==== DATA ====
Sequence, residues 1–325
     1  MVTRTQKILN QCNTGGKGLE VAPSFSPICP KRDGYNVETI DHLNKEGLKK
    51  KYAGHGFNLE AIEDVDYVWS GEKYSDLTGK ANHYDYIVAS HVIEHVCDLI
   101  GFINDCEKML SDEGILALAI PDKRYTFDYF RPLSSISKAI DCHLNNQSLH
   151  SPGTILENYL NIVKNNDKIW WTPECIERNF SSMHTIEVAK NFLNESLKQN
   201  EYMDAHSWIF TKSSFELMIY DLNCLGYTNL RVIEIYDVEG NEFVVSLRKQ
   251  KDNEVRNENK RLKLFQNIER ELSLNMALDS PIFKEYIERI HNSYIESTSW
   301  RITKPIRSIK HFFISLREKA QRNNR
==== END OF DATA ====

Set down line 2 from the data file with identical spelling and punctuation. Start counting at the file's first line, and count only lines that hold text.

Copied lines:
     1  MVTRTQKILN QCNTGGKGLE VAPSFSPICP KRDGYNVETI DHLNKEGLKK